specting their Corporation, and by the statute 1 Ed. IV, c. i., 
passed for confii-ming the titles of those who held under 
grants of any of the three preceding kings, therein described 
as " in fact and not in right " kings of England, all grants to 
the wardens of the Mercers were specially confirmed. The 
Merchant Adventurers now obtained a larger charter, dated 
April IGth, 1462, which Hakluyt calls " The Merchant Adven- 
turers' Patent," for the better government of the English 
merchants residing in Brabant, Flanders, &c., and under its 
provisions William Obray was appointed " Governor of the 
English Merchants " at Bruges. 

Whether Obray died about this time is not known, but he 
does not appear to have acted long in his new capacity, for 
between June 24th,- 1462, and June 24th, 1463, the Mercers' 
books record that William Caxton was performing the official 
duties of governor, and was in correspondence not only with 
the wardens of the Mercers' Company, but also with the Lord 
Chancellor, writing to both about the best method of regu- 
lating the buying of ware at Bruges. The charge for boat- 
hire incurred by the wardens in delivering Caxton's letter to 
the Lord Chancellor is thus entered in the annual accounts : — 

Item for botehyre for to shewc to ye lords of ye coiiscU the I're 

y* came from Caxton & ye felaship by yond ye See vjd. 

Wlien Caxton's name next appears in the Mercers' books 
there is no doubt of his position, as he is addressed by the 
title of " governor." It was one of the duties of the governor 
at Bruges by his "correctors" to see that all goods exported 
to England were of just weight and measure, and at a Court 
of Adventurers, held in Mercers' Hall on August 16th, 1465, 
WiUiam Redeknape, William Hende, and John Sutton com- 
plained that they had received both cloth and lawn deficient 
in breadth as weU as length ; whereupon it was decided that 
a letter should be dispatched to " William Caxton, Governor 
heijond the Sea" for reformation of the abuse. This being 


an unusually interesting entry, we quote it here as it is 
on folio cxl. of the original minute book : — 

A° xiiij° Ixvo- Courte of aventurers holden the xvj*^ daye of 
August the yere aboue written. 

ffor euell mesure ffor asmuche as Will™ Kedeknape Will™ hende 
of cloth & lawne. & John Sutton w* other complayne as well for 
lak of mesure in all white clothe and brown 
clothe as in brede of the same/ and in lykewise 
in lawne nyvell & purpell hit is accorded that a 
letter shal be made to Will™ Caxton gouno*" by 
yonde the see as well for refourmacion of the 
p'sidentes as other &c. 

A lettre of the same and other was sent by henry 
Bomsted the iiij*^ day of September A^ Rs e. iiij'i 

Whether Henry Bomsted was a special courier does not 
appear ; but the same year another letter was sent at a cost 
representing more than £15 at the present day, and entered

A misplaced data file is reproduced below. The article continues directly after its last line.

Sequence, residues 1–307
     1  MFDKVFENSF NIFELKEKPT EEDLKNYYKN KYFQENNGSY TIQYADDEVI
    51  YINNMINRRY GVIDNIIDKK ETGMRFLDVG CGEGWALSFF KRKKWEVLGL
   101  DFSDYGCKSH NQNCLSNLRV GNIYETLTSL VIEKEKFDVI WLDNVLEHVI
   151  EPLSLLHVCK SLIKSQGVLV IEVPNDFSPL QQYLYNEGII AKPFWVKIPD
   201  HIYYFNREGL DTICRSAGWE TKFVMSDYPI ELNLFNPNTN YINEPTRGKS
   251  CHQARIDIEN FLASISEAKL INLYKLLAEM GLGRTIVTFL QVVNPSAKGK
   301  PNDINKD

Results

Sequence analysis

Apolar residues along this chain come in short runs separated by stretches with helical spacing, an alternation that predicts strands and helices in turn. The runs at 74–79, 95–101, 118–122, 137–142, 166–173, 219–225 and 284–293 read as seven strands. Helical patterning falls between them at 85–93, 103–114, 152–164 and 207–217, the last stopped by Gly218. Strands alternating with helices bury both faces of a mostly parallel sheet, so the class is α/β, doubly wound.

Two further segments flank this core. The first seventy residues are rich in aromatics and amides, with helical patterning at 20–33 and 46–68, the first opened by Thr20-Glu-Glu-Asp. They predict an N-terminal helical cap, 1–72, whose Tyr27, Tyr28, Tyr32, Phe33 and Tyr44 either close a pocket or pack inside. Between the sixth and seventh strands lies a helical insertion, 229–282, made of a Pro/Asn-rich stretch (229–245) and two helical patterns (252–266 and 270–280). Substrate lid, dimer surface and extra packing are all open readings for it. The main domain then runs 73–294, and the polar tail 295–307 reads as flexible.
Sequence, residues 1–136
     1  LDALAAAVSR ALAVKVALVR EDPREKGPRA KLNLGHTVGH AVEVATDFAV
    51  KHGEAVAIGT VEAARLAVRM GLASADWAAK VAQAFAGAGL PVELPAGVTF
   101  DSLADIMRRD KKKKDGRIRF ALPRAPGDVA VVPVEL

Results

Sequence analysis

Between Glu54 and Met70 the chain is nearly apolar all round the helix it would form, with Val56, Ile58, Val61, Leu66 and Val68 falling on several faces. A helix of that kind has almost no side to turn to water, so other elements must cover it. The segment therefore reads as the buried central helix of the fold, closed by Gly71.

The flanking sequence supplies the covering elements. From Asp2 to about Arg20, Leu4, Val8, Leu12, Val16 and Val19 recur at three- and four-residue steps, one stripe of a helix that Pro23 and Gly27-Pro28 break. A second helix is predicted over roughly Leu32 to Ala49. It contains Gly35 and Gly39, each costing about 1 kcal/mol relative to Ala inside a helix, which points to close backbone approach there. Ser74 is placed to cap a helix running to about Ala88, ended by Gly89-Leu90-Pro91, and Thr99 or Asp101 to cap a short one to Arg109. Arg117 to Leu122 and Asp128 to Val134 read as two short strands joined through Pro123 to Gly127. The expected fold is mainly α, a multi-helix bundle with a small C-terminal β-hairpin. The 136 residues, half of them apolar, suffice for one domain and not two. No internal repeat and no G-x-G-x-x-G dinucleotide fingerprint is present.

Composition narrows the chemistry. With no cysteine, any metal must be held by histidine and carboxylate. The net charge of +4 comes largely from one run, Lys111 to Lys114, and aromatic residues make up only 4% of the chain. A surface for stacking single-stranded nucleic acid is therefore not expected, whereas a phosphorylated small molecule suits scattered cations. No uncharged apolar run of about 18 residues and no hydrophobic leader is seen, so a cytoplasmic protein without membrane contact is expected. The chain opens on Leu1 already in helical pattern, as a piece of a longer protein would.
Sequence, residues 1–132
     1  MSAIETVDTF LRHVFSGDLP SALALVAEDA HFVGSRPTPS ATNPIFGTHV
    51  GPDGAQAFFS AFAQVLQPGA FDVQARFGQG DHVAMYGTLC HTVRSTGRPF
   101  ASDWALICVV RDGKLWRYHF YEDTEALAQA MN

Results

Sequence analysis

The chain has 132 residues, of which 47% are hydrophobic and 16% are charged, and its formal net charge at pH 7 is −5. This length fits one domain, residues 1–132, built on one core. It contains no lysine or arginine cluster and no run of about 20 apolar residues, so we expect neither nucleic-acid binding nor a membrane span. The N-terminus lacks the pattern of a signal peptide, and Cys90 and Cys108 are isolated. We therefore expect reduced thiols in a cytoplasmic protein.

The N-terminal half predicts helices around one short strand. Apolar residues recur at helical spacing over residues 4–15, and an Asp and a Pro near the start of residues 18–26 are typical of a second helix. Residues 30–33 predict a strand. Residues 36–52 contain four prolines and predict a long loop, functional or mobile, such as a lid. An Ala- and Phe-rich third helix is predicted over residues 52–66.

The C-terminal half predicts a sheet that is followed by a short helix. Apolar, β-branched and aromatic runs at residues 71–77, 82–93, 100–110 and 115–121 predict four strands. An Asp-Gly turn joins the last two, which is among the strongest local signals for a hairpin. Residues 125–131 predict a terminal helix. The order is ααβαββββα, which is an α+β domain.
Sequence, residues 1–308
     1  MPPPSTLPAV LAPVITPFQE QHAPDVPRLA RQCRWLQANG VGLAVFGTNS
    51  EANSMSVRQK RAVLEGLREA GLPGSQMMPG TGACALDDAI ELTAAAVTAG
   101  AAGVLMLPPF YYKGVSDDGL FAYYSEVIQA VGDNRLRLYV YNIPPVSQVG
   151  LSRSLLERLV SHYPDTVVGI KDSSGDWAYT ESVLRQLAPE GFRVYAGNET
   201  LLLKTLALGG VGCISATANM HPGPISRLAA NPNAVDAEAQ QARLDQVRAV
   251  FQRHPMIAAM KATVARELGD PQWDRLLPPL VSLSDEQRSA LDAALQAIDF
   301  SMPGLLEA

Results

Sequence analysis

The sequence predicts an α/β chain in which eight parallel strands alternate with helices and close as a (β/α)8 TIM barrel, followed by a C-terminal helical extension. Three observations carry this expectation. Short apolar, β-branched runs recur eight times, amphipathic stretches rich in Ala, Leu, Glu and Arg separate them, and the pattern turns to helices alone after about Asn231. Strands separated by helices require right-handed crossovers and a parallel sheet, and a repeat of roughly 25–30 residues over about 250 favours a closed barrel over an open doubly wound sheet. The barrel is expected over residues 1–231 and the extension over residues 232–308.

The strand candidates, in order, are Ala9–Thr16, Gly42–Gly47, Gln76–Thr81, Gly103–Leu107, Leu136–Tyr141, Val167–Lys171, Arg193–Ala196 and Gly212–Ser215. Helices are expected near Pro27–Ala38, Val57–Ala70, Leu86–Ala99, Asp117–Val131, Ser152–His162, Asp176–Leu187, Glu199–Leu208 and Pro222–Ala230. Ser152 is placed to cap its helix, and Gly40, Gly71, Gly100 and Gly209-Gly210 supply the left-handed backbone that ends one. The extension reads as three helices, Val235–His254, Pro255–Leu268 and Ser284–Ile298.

thus : — 

Item to Jenyne Bakker, Currour for berying a letter 

to Caxton ovir ye see xviiij s viij d 

Caxton being now established in the city of Bruges, in the 
influential position of Grovernor of the English Nation in the 
Low Countries, it may be as well to take a brief survey of 
his duties and emoluments at this period. These are expressly 
laid down in the charter already noticed, granted only two 
years before. The governor had full power to govern by 
himself or deputies all merchants and mariners, to make such 
minor regulations for the conduct of trade (not contrary to 
the International Treaties) as seemed needful, to decide all 
quarrels, and to pass sentence in a court composed of himself 
as governor and twelve justicers to counsel and advise him ; 
the justicers to be chosen by the " common merchants and 
mariners," subject to his approval, six sergeants being allowed 
" to do the executions and arrests of the said court." He was 
to appoint at pleasure correctors and brokers to witness all 
bargains, as well as folders and packers to make up the packs 
of the merchants (who were not allowed to pack their own 


goods, lest any prohibited articles should be included), and he 
was to be present at the unpacking of goods newly arrived. 
No parcel was to leave the city without being sealed. The 
officers were paid by a fee charged on packing or unpacking 
every pack : the governor being paid at the rate of 2d. for 
every pack sealed for exportation, and Id. for every bargain 
witnessed by his deputies, besides several smaller levies which 
•are not mentioned in the charter, except under the tei-m 
" accustomed dues." From all this it will be seen that the 
governor ruled over his countrymen with almost unlimited 
authority. His duties must at times have been very onerous, 
involving much responsibility, and requiring talents of no 
mean order. To him likewise would be made all communi- 
cations from the Government under which they lived, and to 
his diplomatic skill and influence would be due to a large 
extent the comfort or discomfort of all the English residents. 
By the charter Obray would appear to have been the 
nominee of the king himself, but this was only a form, as the 
custom seems to have been for the Court of the Adventurers 
to recommend "a fit person" to the king, who thereupon 
appointed him. The following example will show in whose 
hands the executive power really resided : — Tlie name of John 
Pykering appears in the Mercers' books as the successor of 
Caxton in the office of " Governor of the English Nation." 
This Pykering, who was a Mercer of reno^\Ti, having spoken 
against the wardens of his Company, was summoned before 
an assembly of the "Adventurers of the different Fellowships " 
•in London. There disdaining to "stond bare bed," and 
speaking " alle hawty and roiall," he was by the advice of the 
Court of the Mercers discharged from his office of governor,